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Handguns at Wolf Trap in the Washington, D.C. suburbs?

Assault rifles on Mather Point overlooking the Grand Canyon? Shotguns at Lamar River Valley in the backcountry at Yellowstone National Park, the world’s first national park? This is not a joke. These are just some of the things that Americans can reasonably expect to see in national parks across the U.S. as of February 22, 2010, when a dangerous new gun law will go into effect in our nation’s national park areas.

An amendment to the Credit Cardholders’ Bill of Rights Act of 2009, authored by Senator Tom Coburn and promoted by the NRA, passed by the Congress and signed into law by the President on May 22 of last year, permits park visitors to possess firearms in national park areas consistent with the laws of the state in which the area is located. This is a significant departure from long-established, common-sense gun regulations that allowed visitors to possess guns in parks only if they were stowed out of reach and unloaded.

The Coalition of National Park Service Retirees recently released a report highlighting the damage that could be done to the following parks:

Yellowstone National Park (WY, MT, ID): In the world’s first national park - Yellowstone, while watching Old Faithful erupt you could be in the company of other park visitors wearing holsters and hand guns. In the evening campfire circle, you may sit next to someone who can legally carry a shotgun or rifle to that special place. Anyone hiking in the backcountry can openly carry guns, increasing the risk to other hikers and park wildlife.

Wolf Trap National Park for the Performing Arts (VA): Virginia’s gun laws are very permissive. The grounds of Wolf Trap, including the “lawn seating area,” will be open to people carrying firearms.

Grand Canyon National Park (AZ): Arizona’s gun laws are very permissive and while standing on Mather Point, enjoying the breathtaking view of the canyon, you could see another visitor with an assault rifle slung on his shoulder. At your campsite in the park’s campground, you could see guns prominently displayed in the campsite next to you.

Mesa Verde National Park (CO): Colorado law is very permissive about open carry of firearms except in some cities. During your visit to Cliff Palace, you could be listening to the ranger’s interpretive discussion while standing next to someone with a handgun and holster prominently displayed.

Gettysburg National Military Battlefield (PA): Pennsylvania is also a very permissive state relative to gun laws. During your tour of the battlefield, you could encounter other visitors legally carrying rifles – and not the historic kind.

Carlsbad Caverns National Park (NM): At the evening bat flight program and even on the cave tours, you could be joined by others openly carrying firearms. As you wander through the park’s restaurant and gift store, looking for a bite to eat or a souvenir to buy, other visitors might be seen legally carrying firearms.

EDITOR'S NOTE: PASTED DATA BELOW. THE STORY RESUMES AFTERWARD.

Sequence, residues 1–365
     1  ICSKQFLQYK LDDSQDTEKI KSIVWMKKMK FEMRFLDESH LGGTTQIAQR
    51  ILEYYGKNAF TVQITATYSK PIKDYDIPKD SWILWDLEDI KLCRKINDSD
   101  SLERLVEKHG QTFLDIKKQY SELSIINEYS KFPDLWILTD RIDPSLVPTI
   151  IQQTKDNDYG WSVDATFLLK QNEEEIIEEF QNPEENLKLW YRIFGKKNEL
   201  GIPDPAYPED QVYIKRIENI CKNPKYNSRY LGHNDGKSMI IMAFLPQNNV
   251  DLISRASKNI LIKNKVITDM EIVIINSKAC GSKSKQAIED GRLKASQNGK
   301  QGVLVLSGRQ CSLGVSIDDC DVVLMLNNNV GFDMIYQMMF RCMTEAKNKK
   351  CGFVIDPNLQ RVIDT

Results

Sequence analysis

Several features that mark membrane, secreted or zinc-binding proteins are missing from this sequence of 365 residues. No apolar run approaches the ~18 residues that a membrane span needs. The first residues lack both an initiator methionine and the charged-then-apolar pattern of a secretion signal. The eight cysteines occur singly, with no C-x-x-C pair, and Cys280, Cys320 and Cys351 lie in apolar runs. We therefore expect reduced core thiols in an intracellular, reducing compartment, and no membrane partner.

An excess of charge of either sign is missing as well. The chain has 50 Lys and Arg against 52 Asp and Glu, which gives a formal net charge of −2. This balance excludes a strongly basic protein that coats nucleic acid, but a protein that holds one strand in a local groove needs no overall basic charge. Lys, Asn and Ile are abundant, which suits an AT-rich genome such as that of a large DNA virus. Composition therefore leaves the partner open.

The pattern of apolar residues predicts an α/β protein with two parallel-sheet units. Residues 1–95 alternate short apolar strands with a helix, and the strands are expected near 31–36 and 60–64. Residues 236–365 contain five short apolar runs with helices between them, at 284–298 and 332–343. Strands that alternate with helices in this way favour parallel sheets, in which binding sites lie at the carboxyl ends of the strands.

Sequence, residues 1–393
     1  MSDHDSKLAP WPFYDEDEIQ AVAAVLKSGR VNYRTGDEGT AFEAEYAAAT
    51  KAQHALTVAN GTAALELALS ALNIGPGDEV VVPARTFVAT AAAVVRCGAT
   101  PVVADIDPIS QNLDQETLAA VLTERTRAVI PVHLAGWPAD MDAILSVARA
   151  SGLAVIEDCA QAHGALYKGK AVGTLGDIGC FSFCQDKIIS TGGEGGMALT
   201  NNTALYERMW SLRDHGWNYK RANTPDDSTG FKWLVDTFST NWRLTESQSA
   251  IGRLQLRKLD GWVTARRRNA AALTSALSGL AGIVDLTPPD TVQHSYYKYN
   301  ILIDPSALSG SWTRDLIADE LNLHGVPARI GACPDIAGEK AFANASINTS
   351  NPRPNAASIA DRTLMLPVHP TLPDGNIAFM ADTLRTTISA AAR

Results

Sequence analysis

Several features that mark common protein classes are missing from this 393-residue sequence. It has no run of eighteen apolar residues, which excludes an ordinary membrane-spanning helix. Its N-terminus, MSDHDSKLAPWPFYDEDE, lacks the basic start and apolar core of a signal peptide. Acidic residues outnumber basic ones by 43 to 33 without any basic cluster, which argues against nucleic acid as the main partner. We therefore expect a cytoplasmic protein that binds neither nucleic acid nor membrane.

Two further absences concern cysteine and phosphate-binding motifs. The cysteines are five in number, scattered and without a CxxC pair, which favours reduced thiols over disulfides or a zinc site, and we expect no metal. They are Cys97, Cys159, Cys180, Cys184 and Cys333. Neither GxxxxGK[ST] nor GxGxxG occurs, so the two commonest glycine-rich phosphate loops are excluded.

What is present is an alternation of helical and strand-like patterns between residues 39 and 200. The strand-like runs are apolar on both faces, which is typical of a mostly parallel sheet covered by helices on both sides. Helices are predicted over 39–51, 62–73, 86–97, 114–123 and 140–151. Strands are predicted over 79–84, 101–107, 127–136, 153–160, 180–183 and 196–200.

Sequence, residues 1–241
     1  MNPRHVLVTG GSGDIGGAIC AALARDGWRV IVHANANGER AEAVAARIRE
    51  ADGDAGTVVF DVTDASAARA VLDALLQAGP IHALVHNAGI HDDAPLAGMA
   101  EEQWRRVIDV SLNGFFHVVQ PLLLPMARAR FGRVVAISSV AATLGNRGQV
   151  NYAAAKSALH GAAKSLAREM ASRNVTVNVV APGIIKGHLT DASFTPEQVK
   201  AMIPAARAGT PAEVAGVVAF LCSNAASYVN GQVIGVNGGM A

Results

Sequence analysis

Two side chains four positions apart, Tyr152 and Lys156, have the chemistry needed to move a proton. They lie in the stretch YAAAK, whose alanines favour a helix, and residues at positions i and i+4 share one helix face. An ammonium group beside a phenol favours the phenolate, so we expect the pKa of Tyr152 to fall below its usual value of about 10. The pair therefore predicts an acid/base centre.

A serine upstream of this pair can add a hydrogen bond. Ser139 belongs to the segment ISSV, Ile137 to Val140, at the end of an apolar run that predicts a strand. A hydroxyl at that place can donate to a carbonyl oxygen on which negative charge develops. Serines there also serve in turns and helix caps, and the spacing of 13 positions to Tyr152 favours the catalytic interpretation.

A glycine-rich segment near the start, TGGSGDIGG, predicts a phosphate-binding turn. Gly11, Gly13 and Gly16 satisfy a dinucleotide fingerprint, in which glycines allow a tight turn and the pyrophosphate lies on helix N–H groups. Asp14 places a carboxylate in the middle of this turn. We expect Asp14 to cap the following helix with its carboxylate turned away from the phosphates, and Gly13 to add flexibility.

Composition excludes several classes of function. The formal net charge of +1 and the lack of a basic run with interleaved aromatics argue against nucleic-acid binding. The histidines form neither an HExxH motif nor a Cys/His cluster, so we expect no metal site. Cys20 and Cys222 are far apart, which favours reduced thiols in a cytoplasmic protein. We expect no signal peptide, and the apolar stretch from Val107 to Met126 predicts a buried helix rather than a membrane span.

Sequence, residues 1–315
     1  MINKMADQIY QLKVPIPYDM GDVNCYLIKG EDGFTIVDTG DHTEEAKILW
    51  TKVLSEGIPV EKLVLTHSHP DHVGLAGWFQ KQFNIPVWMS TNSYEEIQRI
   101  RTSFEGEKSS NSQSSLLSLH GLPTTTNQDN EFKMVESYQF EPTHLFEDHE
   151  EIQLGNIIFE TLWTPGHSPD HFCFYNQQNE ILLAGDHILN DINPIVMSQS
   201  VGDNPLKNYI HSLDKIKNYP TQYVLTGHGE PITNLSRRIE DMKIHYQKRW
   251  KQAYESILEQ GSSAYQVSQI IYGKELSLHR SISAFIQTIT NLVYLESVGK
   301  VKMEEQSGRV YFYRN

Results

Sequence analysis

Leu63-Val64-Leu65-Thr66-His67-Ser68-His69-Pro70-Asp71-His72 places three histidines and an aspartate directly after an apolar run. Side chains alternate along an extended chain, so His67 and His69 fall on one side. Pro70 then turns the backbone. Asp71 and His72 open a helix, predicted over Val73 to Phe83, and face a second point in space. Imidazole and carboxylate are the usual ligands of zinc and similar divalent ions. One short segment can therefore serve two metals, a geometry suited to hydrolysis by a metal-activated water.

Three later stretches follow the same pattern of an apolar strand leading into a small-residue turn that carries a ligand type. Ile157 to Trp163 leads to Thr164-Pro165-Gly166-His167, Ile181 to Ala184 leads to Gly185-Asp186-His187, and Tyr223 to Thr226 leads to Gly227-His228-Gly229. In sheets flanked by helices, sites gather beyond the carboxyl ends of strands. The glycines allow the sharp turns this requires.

Everglades National Park (FL): Florida’s gun laws are more restrictive, so you are not likely to encounter others openly carrying guns while walking on the Anhinga Trail as you enjoy some of the most spectacular wildlife and bird sighting anywhere.

Statue of Liberty National Monument (NY): New York’s gun laws are very restrictive, and visitors to the Statue are protected by laws prohibiting the open carrying of firearms.

Great Smoky Mountains National Park (TN and NC): This park is an example of one of the problems visitors will face with the new law. In North Carolina, there are few gun restrictions and visitors could be seen openly carrying guns. However, if you happen to be a gun-carrying visitor, you will need a “carry permit” when you cross into the part of the park located in Tennessee.

Mount Rainier National Park (WA): While hiking the famous “Wonderland Trail” you could encounter other hikers openly carrying handguns, rifles or shotguns.

Denali National Park and Preserve (AK): While riding on an NPS-licensed bus operated by the park concessioner on a day-long trip on the “park road” (the only way to get into the heart of the park other than to hike) you could be sitting next to someone with a handgun in a holster.

The public should be made aware of this amendment and the ramifications that it may have on your next visit to a national park.

National Parks Traveler

Comments

  • JM 4 years ago

    Run for the hills! You should probably worry about the people that are hiding their guns under their coats.

  • Anonymous 3 years ago

    Looks like this fear-mongering was just as true as it usually is from the anti-gunners. Guns save lives.

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